He had heard. The crashes, the screams, the incoherent shouts and frantic wails – he had heard them all. He had run to the room, only to find it locked. Then Elrond had run to his side, had promptly broken down the door, and swept in, leaving Glorfindel standing in the hall. Elrond alone was allowed in through that threshold. And Glorfindel had been left outside, pacing, as screams continued – begging not to take her away, that he would take her place, just don't take her away, lock him up if they wished, please give her back. Pleading, weeping, screaming in terror and pain – and the crashes had subdued, and Glorfindel had stood, eyes burning into the carpet, as repressed sobs broke into the silence and soaked the walls. And long after Elrond had left, and dusk had fallen, he had stood still, facing the dark door that was shut before him – and had not moved. And had not looked at Erestor when he appeared the next breakfast, silent and graceful as always, with bandages hidden under his long dark robes.

"Do you hate him, Glorfindel?"

Cool blue eyes finally left the circling raven, and came down to meet the calm gaze of the elvenlord.

"Do not patronize me, Peredhel," drawled a low voice. "I may be in the body of a youth, but you forget the ages I have lived through."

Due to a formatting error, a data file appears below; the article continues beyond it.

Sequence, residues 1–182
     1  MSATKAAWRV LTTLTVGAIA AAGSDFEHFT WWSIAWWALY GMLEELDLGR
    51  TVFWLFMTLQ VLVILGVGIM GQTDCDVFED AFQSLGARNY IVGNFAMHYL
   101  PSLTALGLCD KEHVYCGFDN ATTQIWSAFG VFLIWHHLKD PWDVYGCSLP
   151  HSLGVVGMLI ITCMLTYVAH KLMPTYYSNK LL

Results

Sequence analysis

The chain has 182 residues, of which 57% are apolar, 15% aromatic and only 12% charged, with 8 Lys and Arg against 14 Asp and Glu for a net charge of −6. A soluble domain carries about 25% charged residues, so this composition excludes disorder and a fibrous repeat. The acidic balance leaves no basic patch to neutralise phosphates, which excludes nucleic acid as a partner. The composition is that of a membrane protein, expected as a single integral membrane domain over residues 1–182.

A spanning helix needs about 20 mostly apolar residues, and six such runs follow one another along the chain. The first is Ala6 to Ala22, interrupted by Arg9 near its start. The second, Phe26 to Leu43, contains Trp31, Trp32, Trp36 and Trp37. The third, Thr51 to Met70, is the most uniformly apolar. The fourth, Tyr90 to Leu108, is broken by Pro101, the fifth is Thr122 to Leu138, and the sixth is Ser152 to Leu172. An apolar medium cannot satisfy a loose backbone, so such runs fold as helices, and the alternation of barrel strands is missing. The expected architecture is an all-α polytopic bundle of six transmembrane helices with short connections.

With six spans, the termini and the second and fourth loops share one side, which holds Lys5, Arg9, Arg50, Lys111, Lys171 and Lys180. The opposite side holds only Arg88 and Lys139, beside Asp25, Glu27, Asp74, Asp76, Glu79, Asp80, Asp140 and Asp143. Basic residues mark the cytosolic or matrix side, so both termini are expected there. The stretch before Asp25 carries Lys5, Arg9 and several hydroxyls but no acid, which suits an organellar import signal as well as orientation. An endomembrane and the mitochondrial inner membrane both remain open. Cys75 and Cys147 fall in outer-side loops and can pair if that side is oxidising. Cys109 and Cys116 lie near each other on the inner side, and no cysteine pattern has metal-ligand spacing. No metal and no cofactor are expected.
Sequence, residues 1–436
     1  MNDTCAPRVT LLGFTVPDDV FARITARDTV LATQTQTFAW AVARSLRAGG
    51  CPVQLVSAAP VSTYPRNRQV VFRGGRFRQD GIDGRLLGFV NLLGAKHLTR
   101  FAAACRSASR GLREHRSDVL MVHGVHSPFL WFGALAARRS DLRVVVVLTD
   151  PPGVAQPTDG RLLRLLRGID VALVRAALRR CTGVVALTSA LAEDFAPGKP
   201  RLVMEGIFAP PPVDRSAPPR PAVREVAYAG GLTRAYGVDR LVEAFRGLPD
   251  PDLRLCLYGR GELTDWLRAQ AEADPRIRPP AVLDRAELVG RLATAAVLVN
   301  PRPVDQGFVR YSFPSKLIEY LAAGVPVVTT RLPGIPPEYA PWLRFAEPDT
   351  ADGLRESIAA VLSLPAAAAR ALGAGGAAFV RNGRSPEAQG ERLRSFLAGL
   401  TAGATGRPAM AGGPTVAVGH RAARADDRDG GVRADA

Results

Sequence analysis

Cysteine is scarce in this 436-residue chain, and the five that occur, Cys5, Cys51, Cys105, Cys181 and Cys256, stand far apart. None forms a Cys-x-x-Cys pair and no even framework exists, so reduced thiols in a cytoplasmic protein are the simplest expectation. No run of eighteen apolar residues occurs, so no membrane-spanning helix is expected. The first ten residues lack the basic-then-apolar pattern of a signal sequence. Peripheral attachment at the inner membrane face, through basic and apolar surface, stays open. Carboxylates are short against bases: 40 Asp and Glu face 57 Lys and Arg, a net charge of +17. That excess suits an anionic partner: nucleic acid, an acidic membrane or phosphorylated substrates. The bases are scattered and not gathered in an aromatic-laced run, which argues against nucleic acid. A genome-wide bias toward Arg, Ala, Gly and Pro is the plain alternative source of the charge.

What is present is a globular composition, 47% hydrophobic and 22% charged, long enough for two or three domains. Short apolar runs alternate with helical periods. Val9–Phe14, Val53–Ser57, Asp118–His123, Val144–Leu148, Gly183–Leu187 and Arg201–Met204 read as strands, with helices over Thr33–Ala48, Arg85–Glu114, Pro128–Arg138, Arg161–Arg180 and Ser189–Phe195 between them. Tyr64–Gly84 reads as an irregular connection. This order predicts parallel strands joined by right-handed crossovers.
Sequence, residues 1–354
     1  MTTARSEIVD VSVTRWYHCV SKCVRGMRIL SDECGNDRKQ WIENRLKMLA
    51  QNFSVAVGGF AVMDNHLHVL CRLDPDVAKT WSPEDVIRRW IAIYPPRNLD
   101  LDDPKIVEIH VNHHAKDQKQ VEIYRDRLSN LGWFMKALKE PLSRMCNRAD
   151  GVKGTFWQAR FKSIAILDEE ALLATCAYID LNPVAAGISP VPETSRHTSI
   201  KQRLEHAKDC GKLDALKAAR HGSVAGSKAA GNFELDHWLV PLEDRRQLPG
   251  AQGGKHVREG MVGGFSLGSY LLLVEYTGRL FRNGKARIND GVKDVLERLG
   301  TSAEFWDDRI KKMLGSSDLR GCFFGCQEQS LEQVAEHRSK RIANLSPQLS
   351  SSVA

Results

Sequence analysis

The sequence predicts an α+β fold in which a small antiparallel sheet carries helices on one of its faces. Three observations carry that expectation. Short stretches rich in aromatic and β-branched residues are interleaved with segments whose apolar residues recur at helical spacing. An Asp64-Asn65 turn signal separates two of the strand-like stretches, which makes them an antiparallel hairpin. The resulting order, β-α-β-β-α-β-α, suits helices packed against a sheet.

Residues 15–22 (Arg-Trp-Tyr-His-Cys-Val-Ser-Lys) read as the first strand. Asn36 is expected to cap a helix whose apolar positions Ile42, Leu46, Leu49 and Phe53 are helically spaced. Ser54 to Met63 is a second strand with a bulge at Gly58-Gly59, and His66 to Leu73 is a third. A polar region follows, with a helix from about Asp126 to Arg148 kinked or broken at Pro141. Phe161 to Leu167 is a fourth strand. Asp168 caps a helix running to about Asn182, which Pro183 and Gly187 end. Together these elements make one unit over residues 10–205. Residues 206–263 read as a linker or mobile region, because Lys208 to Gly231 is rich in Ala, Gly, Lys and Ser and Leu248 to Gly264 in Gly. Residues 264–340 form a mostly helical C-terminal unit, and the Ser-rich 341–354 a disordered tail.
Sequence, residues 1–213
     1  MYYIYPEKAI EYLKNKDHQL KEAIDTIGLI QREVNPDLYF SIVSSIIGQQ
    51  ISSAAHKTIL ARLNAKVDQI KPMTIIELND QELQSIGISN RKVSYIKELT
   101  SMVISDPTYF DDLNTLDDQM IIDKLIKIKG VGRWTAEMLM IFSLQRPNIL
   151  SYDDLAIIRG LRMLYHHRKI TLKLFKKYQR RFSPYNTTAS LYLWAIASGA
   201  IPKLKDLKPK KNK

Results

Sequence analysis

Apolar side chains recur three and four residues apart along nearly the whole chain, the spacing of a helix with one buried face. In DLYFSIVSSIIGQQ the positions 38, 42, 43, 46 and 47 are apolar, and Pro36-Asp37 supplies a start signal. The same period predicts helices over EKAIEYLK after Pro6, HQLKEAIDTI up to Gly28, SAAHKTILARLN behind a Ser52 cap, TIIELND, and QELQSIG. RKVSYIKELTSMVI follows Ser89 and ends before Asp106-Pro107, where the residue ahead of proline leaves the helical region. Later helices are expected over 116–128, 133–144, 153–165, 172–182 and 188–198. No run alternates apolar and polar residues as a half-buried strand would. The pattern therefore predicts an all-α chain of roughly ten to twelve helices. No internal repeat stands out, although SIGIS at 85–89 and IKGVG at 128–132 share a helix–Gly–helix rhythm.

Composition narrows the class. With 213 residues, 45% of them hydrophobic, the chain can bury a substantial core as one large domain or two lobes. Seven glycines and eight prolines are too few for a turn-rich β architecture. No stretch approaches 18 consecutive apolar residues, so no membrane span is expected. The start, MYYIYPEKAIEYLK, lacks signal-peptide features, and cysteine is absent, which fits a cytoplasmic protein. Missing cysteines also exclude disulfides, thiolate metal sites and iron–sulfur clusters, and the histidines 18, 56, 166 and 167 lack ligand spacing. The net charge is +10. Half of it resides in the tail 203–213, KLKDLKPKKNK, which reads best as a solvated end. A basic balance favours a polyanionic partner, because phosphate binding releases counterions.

"You're acting like an elfling. As if you hate him." Elrond gazed upon him steadily.

Perhaps he did.

Glorfindel looked away, and resumed polishing his bow. He did not answer.

He did not speak to Elrond about Erestor after that. And Elrond did not mention it.

Yet he watched on as the smile faded from the warrior's bright face. He did not sing as he polished his sword. He did not bow with a charming twinkle in his eye as he showed young maidens around the mazes of corridors. His words became short, laughter sparse. His voice no longer leaped with buoyant joy as he smiled to admiring youths. And a look unfamiliar to inhabitants of Imladris had come to rest in his eyes, a gaze that looked beyond the here and now as he silently treaded the sanctuary. A somber grayness was beginning to weigh upon his carefree gait as he moved through the gardens at dusk, an apparition embraced by ancient phantoms. And when he walked into the halls, hair wavering in a slow trail, others would watch on in hushed silence as the golden elf faded into the shadows, his slow steps leaving behind woeful whispers of the dark.

The laughing, smiling, joking Glorfindel of Imladris was disappearing. Not many dared to look into his eyes any longer, for the bright fire that had burned and entranced them had died.

And Erestor's expressionless dark eyes were becoming more restless by the day, more terrified, more bright.


It was not like him to be clumsy. Glorfindel sighed as he pried himself off of the gnarled bush. He reached down to untangle himself from the thorns, and the pain returned, flaring through his leg. He gritted his teeth.

Though highly uncharacteristic of him, the distraction had been inevitable, and the injury had not been unexpected. It was an anniversary, after all. And what was the point of anniversaries if they did not bring back distracting memories? He almost laughed at the thought. Ah, memories. Such a sweet word, that.